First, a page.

To cast a wider net, AFLW and former WBBL star Emma Kearney (North Melbourne Football Club and formerly Melbourne Stars respectively) wrote for The Age that:
“‘Grateful’ or ‘lucky’ are words that get thrown around by many female athletes. ‘I’m just grateful to be playing the game’ or ‘I’m lucky I get paid to play.’ And while we are all thrilled to be playing, gratitude alone doesn’t pay our bills. We deserve this opportunity; the pioneers have worked tirelessly for us to have this opportunity. Now that we have it, we need to be the ones driving social change and along with other women in other professions, having the confidence to ask for better pay and work conditions.”
One significant omission from this documentary was the opportunity to spotlight the profound human stories behind the athletes competing in the tournament. Thailand Captain Sornnarin Tippoch smiles through an opening interview, nodding to the fact that her family is unsure what cricket actually entails.
India’s sixteen-year-old Shefali Verma was the third highest run-scorer in the tournament at a strike-rate of 161, the highest of players to bat more than once, and her career T20 strike-rate of 147 is the best of those to have scored more than 120 international runs. The right-hander made her international debut aged just 15 and broke Sachin Tendulkar’s record as India’s youngest half-centurion, but this was barely mentioned. It seems like a missed opportunity to speak to more of these achievements when women’s cricket was able to have such a spotlight again through this documentary, particularly during a pandemic when the hunger for sporting content is insatiable.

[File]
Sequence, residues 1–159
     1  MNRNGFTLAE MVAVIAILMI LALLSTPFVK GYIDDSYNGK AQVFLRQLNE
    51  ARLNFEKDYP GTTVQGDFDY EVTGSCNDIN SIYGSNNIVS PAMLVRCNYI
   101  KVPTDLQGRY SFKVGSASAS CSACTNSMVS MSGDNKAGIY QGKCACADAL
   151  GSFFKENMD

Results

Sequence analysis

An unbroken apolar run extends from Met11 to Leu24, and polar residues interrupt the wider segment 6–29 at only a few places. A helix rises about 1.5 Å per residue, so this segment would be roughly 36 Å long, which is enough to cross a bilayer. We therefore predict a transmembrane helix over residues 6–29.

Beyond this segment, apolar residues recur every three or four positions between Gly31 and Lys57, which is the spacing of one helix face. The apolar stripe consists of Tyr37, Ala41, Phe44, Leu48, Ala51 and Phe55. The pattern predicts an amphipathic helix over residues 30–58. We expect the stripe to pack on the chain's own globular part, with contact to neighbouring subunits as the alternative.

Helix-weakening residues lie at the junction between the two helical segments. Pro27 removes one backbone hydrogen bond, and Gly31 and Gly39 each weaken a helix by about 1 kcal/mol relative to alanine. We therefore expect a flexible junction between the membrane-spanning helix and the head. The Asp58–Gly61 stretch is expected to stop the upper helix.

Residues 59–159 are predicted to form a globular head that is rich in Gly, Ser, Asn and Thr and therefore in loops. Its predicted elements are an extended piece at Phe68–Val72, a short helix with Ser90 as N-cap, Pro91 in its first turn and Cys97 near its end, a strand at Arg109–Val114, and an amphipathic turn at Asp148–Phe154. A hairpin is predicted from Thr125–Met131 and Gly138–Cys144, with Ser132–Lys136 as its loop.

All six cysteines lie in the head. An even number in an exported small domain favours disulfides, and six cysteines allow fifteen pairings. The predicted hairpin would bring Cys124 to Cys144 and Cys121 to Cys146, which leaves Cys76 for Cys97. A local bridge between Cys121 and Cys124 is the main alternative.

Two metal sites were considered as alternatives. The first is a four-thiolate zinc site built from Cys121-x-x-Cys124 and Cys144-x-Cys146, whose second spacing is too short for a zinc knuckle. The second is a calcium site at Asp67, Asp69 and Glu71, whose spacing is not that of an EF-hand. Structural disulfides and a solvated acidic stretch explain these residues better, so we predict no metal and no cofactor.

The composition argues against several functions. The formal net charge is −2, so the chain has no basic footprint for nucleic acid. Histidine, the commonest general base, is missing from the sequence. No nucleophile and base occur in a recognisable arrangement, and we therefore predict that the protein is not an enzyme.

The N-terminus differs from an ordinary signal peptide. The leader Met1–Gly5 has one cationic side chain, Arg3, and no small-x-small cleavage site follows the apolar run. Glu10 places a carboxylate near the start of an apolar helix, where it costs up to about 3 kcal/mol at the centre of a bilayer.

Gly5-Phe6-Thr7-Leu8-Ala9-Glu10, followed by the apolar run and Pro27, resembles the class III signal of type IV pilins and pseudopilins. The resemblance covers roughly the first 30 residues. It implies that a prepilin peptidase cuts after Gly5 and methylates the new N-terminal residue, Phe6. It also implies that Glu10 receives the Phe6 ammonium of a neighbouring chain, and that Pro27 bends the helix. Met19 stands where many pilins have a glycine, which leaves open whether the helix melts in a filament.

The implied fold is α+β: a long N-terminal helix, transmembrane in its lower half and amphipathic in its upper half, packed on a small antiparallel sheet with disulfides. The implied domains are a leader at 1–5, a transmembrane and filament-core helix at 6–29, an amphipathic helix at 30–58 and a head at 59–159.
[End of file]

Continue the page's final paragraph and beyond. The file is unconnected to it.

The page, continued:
The inclusion of performer Katy Perry provided a bubbly and insightful bookend to Beyond the Boundary.
“There’s definitely a Perry I have to meet at some point, I think she is a lot more athletic than me at the moment,” the heavily pregnant singer laughs as Elysse Perry walks to greet her.
“Tomorrow I’m going to be playing and I’m pregnant… I hope it’s a way to show women that you can do it all, no matter where you are in life… whatever circumstance, whatever you dream, you do not have to be one thing.”
And on not being ‘one thing’, Beyond the Boundary also does not have to be.
It can be a celebration of what was an amazing moment, not just for the Australian Women’s Cricket Team but for women’s cricket and sport across the globe. It can be a chance to reminisce and escape from the current COVID climate, taking us back to a time where we could gather and cheer on our heroes as a collective. And it can also be a reminder that we still have a balance to strike when it comes to telling the stories of women’s sports.
We have so much to celebrate, but so much work left to do.
Beyond the Boundary is currently streaming on Netflix.